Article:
U.K. viewers now prefer streaming to pay TV, survey finds

Mike Wheatley

Video streaming provider Roku Inc. has published the findings from a study that shows British TV viewers now favour streaming content from services such as Netflix and Amazon Prime Video over traditional pay TV. The company argues this means that streaming is now the future of TV.


The study, “The Streaming Decade”, was conducted by National Research Group on Roku’s behalf an found that nine out of 10 U.K. viewers are streamers versus just seven out of 10 who still subscribe to pay TV services like Sky, BT and Virgin Media.

The trend rings true even among older viewers who might have been more likely to be ‘hold outs’ against the newer concept. In fact, 77% of 57 to 70 year-olds watch streaming content regularly. In that age bracket, 31% said they’d signed up to new streaming services in the past 12 months. And almost two-thirds of 57-to-70 year-olds agreed streaming represents better value, has greater variety and is more convenient than pay TV.

Further evidence of the preference for streaming comes from the finding that 66% of audiences would choose streaming versus 23% who’d choose pay TV to watch “something that everyone’s talking about.”

Loyalty is a big thing among video streaming fans too, with almost two-thirds of consumers saying they have never ‘subscription cycled’, which means signing up, cancelling and then signing up again.

Moreover, just 3% of respondents said they’re planning to cancel a subscription to a service they’ve already signed up for.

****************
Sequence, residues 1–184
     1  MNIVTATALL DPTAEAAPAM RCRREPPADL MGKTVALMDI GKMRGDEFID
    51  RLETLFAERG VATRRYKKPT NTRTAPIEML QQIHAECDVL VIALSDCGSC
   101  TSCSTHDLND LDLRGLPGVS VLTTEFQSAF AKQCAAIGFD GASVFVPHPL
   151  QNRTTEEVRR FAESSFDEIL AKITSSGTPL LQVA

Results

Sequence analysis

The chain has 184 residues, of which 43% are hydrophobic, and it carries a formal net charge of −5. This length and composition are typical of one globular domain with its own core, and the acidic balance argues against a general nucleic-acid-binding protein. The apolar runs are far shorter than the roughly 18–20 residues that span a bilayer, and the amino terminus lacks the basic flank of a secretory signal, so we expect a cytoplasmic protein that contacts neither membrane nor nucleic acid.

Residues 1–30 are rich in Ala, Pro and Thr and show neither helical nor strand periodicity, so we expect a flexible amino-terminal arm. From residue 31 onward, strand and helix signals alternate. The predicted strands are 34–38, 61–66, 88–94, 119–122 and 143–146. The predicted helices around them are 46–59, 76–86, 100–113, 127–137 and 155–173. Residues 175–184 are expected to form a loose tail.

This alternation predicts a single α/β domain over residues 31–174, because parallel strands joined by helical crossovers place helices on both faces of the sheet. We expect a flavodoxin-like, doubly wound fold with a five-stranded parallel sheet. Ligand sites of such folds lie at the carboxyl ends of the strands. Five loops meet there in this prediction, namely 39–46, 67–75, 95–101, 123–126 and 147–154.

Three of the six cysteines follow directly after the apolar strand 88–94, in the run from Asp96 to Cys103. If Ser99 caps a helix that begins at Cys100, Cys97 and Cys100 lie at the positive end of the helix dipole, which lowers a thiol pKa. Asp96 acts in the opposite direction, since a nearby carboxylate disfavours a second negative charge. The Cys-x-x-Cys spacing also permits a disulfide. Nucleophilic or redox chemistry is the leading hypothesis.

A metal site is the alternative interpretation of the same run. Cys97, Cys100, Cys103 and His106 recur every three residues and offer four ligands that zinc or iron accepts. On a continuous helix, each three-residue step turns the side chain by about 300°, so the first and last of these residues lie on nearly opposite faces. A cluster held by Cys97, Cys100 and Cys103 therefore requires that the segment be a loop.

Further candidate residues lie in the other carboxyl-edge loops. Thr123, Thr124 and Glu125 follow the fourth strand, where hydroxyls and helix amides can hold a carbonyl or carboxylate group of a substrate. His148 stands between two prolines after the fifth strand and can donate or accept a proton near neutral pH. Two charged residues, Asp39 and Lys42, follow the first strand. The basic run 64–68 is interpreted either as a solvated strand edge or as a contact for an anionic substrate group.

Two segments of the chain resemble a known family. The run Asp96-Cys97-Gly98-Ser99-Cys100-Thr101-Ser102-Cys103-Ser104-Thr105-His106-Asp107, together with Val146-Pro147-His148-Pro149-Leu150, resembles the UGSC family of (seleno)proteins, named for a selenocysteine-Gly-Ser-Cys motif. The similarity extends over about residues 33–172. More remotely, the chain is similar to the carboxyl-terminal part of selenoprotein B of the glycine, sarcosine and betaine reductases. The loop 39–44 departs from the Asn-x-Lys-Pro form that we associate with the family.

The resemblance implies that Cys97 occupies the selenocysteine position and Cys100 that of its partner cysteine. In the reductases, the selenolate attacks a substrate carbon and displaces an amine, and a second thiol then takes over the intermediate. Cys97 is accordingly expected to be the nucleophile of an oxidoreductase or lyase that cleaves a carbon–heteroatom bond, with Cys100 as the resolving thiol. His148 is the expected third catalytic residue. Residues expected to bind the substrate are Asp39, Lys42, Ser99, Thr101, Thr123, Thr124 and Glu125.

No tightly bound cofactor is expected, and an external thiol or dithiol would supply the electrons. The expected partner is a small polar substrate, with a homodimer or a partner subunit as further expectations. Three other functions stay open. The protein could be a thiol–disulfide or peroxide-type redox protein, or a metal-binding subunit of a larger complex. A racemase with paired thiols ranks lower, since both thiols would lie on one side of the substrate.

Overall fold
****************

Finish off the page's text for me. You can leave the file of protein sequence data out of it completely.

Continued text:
Roku said the research shows viewers overwhelmingly feel streaming offers them “premium content opportunities”. A case in point is live sports, coverage of which is no longer dominated by pay TV providers. Some 51% of respondents in the survey said they watch live sports through streaming services, versus 55% who get their fix from pay TV. Film buffs meanwhile have a strong preference for video streaming, with 68% of consumers citing access to a new movie release as a reason to sign up for a new service.

Such is the popularity of video streaming that it now represents a golden opportunity for advertisers. Exactly half of the survey respondents say they regularly watch free, ad-supported streaming services. Of those ad-funded video-on-demand viewers, 21% said they have downgraded the pay TV services they use in the previous 12 months. The research also found that 80% of ad-funded video-on-demand viewers regularly watch streaming content while using a second, usually mobile, device. That could present interesting opportunities for cross-screen advertising, Roku said.

Roku’s report also revealed that many Brits have become ‘telly addicts’ once again. It could be argued that pre-pandemic, TV had lost its allure somewhat with the emergence of smartphones and other devices, but the survey found that more than half of respondents plan to watch as much TV as they did during pandemic, even when COVID-19 restrictions go away.

Roku Vice President International Mirjam Laux said the survey findings suggest the popularity of video streaming in the U.K. has reached a “tipping point” and that it has now become a normal practice for all consumers, regardless of age.

“With more and more new and interesting content available to consumers, streaming has become the dominant force,” Laux said. “And where consumers go opportunities for brands to engage them with compelling, best-in-class advertising that’s relevant to their interests. Streaming is clearly the future of TV.”